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Updated as of 7/13/2020 at 3:15pm

   
 

Water Quality Features and Treatment Control Best Management Practices (BMPs)

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Storm Water Pollution Prevention Program

 tcbmp photo

 tcbmp photo

 

Most properties developed post 2000 were required to install and maintain water quality features, otherwise known as Treatment Control BMPs (TCBMPs). These permanent devices are in place, not only to treat runoff and decrease water flow, but help decrease property flooding and decrease the amount of pollution entering the San Diego River. Overall, these devices support healthy ecosystems downstream and clean waterways.

The most common types of TCBMPs include: 

-Vegetative Swales                                          -Tree Wells

-Bioswales                                                        -Permeable Pavement/Pavers 

-Storm Drain Filters                                         -Underground Detention Basins                                                                                                                         

Maintenance Requirements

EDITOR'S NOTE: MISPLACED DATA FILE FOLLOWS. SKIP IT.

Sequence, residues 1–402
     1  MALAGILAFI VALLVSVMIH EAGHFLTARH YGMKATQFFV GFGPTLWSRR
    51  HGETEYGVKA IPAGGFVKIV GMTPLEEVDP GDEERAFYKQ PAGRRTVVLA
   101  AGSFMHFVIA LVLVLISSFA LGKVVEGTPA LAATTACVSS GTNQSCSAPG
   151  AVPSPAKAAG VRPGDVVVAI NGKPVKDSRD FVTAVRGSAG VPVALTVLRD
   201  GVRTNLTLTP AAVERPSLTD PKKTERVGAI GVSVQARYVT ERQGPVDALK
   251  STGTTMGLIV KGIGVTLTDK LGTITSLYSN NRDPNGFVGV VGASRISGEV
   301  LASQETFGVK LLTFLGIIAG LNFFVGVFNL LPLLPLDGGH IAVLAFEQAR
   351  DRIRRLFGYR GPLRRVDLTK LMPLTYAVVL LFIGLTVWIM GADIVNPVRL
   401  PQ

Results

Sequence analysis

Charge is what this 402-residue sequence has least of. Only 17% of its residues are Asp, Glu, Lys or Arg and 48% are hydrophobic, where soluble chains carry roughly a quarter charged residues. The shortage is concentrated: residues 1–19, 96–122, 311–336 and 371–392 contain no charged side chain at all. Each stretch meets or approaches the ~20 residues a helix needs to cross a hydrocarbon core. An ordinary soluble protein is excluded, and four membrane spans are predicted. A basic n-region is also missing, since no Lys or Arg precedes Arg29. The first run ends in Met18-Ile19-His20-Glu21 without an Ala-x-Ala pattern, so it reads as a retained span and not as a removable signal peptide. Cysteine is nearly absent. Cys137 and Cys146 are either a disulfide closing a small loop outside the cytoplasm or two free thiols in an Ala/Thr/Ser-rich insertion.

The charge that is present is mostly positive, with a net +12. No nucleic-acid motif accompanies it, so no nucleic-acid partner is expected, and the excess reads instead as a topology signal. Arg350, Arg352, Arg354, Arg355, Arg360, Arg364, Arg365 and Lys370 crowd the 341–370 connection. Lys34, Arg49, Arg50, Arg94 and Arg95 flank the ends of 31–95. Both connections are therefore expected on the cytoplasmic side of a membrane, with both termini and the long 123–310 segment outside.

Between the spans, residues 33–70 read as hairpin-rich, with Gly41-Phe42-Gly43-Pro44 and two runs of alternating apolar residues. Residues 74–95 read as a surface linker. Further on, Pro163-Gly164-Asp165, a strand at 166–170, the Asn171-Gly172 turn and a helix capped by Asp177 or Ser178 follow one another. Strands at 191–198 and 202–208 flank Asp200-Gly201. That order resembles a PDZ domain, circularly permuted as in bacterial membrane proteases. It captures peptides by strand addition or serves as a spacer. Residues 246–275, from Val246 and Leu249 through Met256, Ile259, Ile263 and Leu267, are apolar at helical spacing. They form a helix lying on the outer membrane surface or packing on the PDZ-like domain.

The functionality, effectiveness, and longevity of these devices is highly dependent on the maintenance. The property must maintain their devices per the frequency outlined in their Storm Water Quality Management Plan (SQWMP).  Please note, TCBMPs are permanent and cannot be removed. Operations and Maintenance requirements are passed down to each new property owner through the Facilities Maintenance Agreement document, a legally binding document that details the maintenance agreement between the City and the property owner. For further information about maintenance, please refer to the TCBMP Guide. The following maintenance fact sheets are available for your reference:

 Tree Wells   Rain Barrels 
 Permeable Pavement  Bioretention Swales 
 Biofiltration Swales   Media Filters 
 Vegetated Swales  

 

Annual Certification

All properties with TCBMPs are required to certify that these features are properly maintained and functioning as intended. The City ensures and enforces this through the Annual Certification. Each property with TCBMPs must submit an annual certification, which certifies and demonstrates that these devices have been properly maintained throughout the year. The annual maintenance cycle is September 1-August 31 of each year (i.e. Sept. 1, 2019-Aug. 31,2020). All paperwork is due to the City by September 15 of each year.